Unleashing Employee Engagement through Emotional Connection


In the pursuit of employee engagement, leaders often rely on logical arguments and rational persuasion to inspire change and drive performance. Despite presenting brilliant cases for change, they often find themselves facing minimal adoption and lingering resistance. Discover how you can tap into the power of emotions to create a workforce that willingly embraces change and exceeds expectations.

Do you know how to close the gap between what is declared and what is felt?

Did you know that emotional engagement releases 4x the discretionary effort vs. rational engagement? Watch as Brady Wilson dives into these two types of engagement, and learn how emotional engagement in the feelings economy can drive meaningful change and transform employee engagement.


The Engagement Paradox

Traditional employee engagement strategies aren’t working anymore. Scores are plateauing (in some cases even declining) leading to a crisis of belief for both employees and leaders.

This white paper offers a new path forward – one that blends the energy employees want with the customer experience and business results leaders need.

Rational vs. Emotional Engagement: What’s the Difference?

Have you ever experienced a situation as a leader where you presented a compelling and logical case for change, hoping to engage your team, only to find that months later, there was minimal adoption and resistance still prevailed?

What’s going on there? There are two types of engagement that release discretionary effort, which is people’s willingness to go above and beyond the call of duty.

There’s rational engagement and emotional engagement. Research by the Corporate Leadership Council discovered that one of those types of engagement releases four times the discretionary effort than the other. Which do you suppose it is?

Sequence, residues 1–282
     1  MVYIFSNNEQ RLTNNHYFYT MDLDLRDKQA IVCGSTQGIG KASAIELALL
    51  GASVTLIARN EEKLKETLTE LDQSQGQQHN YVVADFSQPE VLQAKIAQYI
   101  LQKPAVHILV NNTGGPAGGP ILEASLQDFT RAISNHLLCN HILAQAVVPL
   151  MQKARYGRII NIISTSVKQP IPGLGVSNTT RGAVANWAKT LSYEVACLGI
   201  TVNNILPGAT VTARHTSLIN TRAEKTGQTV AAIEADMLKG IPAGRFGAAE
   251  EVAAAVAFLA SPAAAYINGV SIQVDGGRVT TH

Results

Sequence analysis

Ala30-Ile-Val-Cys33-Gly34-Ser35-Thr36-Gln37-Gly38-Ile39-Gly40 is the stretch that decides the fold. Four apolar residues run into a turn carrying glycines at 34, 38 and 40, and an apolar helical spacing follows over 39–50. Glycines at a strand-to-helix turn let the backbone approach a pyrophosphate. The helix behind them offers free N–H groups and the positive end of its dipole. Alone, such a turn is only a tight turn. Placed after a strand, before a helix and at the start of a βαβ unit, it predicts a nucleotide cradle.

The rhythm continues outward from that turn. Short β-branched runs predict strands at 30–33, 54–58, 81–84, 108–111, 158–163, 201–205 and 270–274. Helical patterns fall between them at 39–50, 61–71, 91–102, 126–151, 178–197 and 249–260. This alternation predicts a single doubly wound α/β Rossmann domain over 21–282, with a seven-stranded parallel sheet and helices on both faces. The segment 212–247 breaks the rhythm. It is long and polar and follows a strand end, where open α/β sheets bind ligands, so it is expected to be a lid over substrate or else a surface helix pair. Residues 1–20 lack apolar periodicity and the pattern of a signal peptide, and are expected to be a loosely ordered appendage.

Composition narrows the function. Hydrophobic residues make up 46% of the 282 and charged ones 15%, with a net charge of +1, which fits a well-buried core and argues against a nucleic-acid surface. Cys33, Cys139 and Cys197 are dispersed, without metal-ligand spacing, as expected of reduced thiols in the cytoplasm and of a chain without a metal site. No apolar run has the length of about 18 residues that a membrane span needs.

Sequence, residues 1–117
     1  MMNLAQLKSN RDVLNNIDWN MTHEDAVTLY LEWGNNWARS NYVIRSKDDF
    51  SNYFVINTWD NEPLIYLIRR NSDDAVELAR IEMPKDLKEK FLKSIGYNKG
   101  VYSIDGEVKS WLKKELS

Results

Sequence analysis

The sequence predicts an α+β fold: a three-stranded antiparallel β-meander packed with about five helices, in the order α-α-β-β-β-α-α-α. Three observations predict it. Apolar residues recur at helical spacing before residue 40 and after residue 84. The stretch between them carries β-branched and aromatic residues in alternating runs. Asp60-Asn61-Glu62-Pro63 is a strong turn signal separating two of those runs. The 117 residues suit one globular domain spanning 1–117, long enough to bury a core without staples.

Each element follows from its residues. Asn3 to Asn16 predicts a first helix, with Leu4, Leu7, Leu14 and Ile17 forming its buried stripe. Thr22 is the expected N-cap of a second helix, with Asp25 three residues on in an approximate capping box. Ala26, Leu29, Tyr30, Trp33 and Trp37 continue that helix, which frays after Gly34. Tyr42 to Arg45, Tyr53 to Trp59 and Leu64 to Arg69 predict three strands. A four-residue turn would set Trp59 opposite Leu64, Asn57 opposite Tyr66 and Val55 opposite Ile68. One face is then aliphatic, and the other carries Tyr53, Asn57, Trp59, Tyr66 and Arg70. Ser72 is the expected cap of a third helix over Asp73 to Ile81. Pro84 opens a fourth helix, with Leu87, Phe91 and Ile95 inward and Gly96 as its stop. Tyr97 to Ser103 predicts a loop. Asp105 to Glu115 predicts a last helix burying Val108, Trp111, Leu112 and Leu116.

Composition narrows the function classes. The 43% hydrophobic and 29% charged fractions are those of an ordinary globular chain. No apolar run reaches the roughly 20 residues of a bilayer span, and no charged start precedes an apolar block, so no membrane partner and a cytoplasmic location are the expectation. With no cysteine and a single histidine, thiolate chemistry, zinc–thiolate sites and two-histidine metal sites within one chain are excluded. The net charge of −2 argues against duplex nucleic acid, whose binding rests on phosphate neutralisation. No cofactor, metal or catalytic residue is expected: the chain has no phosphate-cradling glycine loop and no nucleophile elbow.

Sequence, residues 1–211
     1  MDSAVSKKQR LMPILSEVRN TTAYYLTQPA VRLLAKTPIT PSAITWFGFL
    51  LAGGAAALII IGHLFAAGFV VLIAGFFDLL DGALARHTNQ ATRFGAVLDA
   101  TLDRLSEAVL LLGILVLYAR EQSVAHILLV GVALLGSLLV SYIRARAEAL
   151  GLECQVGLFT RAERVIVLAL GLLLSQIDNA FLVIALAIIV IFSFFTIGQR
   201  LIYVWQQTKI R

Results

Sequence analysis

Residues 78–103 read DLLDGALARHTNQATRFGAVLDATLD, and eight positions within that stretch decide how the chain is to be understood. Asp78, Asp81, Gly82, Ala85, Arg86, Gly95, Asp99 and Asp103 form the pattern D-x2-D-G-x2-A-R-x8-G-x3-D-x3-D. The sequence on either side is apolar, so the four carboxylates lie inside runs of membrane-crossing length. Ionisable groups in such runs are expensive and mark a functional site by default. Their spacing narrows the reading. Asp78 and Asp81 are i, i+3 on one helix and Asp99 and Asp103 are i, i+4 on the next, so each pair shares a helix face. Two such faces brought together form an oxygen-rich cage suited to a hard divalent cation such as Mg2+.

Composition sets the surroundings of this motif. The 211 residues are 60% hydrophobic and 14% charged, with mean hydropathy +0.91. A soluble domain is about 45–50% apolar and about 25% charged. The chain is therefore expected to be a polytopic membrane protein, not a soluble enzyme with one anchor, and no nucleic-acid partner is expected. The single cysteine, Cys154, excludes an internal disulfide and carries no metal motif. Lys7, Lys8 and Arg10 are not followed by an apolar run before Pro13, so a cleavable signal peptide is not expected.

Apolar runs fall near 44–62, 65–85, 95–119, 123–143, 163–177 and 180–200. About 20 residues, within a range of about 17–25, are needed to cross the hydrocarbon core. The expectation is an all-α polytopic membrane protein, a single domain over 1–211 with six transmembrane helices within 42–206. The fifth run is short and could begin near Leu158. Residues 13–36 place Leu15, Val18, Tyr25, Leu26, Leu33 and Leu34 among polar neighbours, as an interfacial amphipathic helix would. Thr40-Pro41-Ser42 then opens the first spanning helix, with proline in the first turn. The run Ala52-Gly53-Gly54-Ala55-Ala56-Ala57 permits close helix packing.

• Rational Engagement: People are rationally engaged when they are clear on the objectives their manager has and the expectations they have of each other. Does this unlock four times the discretionary effort?
  • Emotional Engagement: People are emotionally engaged when they feel proud of their work, their leaders listen to them in a way that makes them feel seen and valued, and they are treated fairly. Emotional engagement helps fulfill our 5 Driving Needs. 


The Power of Emotional Engagement

So which of these releases four times the discretionary effort? Emotional engagement does. Welcome to the feelings economy, where what’s felt unlocks people’s willingness to step into change and go above and beyond the call of duty. 

 There’s a big difference between declared support and felt support. Declaring your assurances that everything’s going to be alright is different than people actually feeling assured.



Do you know how to close the gap between what is declared and what is felt?


Transforming the way you engage with employees in today’s complex workplaces requires new approaches to leadership. Our customized learning solutions will help you grow leadership skills and fuel sustainable performance.

If you want more on this, check out our white paper, The Engagement Paradox which goes into how we can transform engagement and get the very best from our team.

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